As a general rule, if there is joint legal custody involved, neither party may move more than 100 miles from the location that they live at when the divorce proceedings are filed. Neither party is able to move out of state as well. The only way that either of these moves can be accomplished is with the agreement of both parties or a ruling by a Judge brought at some time after a divorce judgment is entered.
Previously, the only prohibition was moving out of state, however, this resulted in a situation where a party was not able to move to Toledo from Monroe, but could move to Marquette, from Monroe. In recent years, this change has made more sense, by there being a two prong test.
If the parties cannot agree that one parent and the children can move more than 100 miles, this matter can be brought before the Court and the court has to find that the party seeking to move prevails on a majority of the following five factors:
- Whether the legal residence change has the capacity to improve the quality of life for both the child and the relocating parent.
- The degree to which each parent has complied with and utilized his or her time, under a court order granting parenting time with the child and whether the parents plan to change the child’s legal residence is inspired by that parent’s desire to defeat or frustrate the parenting time schedule.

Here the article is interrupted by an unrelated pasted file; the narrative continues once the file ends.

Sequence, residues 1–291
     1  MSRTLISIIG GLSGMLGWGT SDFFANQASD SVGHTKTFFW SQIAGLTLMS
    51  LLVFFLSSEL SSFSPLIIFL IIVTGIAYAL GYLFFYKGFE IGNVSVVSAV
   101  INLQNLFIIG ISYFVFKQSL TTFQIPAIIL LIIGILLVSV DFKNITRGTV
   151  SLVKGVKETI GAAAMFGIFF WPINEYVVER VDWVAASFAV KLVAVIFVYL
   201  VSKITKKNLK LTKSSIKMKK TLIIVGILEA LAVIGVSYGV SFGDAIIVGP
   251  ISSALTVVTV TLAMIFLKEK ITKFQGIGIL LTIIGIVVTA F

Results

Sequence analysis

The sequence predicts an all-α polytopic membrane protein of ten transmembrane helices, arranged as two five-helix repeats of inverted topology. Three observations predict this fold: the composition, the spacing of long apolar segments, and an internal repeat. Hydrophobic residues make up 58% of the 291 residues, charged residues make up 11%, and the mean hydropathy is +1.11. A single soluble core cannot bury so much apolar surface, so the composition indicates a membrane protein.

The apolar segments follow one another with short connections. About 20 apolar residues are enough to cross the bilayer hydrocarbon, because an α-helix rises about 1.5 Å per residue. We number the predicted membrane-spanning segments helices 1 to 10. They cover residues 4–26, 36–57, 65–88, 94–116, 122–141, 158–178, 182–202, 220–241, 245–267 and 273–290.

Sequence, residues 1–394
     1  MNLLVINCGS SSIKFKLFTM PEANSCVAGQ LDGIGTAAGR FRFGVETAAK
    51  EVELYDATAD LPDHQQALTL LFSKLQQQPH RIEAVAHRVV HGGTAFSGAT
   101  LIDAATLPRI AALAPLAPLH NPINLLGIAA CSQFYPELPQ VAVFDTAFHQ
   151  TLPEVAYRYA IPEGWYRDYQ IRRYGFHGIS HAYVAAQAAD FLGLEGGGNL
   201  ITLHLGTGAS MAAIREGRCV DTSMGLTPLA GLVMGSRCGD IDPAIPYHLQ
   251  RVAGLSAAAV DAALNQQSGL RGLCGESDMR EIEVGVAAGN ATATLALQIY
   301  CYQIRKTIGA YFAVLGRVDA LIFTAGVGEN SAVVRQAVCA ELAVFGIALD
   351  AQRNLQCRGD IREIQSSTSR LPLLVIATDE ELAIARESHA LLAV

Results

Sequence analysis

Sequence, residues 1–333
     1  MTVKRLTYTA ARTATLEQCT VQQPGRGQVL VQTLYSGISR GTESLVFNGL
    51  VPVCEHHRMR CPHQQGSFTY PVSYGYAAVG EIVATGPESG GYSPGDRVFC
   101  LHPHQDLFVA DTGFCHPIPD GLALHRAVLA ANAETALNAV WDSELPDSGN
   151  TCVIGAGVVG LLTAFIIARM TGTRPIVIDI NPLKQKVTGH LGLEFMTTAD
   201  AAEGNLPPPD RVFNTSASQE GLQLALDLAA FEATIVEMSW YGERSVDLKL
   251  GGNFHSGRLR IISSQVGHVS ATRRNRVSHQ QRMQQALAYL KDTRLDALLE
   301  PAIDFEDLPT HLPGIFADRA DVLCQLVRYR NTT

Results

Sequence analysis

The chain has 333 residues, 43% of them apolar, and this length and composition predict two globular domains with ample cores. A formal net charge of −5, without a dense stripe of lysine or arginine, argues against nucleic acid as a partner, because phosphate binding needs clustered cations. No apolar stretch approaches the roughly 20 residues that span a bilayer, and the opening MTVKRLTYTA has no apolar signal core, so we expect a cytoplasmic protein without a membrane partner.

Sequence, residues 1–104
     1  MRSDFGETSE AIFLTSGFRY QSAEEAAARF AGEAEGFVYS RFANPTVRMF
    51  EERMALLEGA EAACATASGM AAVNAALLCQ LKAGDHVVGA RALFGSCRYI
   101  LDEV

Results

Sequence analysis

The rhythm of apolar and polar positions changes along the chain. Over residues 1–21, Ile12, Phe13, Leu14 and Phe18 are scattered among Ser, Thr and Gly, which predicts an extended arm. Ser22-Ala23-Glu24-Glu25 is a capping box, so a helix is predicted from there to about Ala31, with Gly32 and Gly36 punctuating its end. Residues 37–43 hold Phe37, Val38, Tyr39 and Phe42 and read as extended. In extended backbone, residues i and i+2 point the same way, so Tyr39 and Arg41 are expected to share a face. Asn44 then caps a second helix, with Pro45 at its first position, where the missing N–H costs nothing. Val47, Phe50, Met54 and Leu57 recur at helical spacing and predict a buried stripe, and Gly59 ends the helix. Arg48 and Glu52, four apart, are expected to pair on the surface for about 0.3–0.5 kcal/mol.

- The degree to which the court is satisfied that if the court permits the legal residence change, it is possible to order a modification of parenting time schedule and other arrangements governing the child’s schedule, in a manner that can provide adequate basis for preserving and fostering the parental relationship between the child and each parent and whether each parent is likely to comply with the modification.
- The extent to which the parent opposing the legal residence change is motivated by a desire to secure a financial advantage with respect to a support obligation.
- Domestic violence regardless of whether the violence was directed against or witnessed by the child. If the party requesting the change prevails on the majority of these factors and the court determines that a change is agreeable, then the change can be made, if not, the move is not authorized and cannot take place.
Merrill Gordon is an Oakland County attorney with more than 35 years’ experience in divorce and family court proceedings along with all manners of civil actions. He is also a court-appointed mediator in Oakland and Wayne counties and has received an AV peer review rating, the highest available.
He is a graduate of Michigan State University and the Thomas Cooley Law School. He was admitted to State Bar of Michigan and all Michigan State and Federal Courts in 1981, and the United States Sixth Circuit Court of Appeals in 1985. He is also a member of the State Bar of Michigan, Oakland Country Bar Association, American Bar Association and the Mediation Tribunal Association.
For a free initial consultation, contact Merrill Gordon at (248) 626-3000 or via email at email@example.com.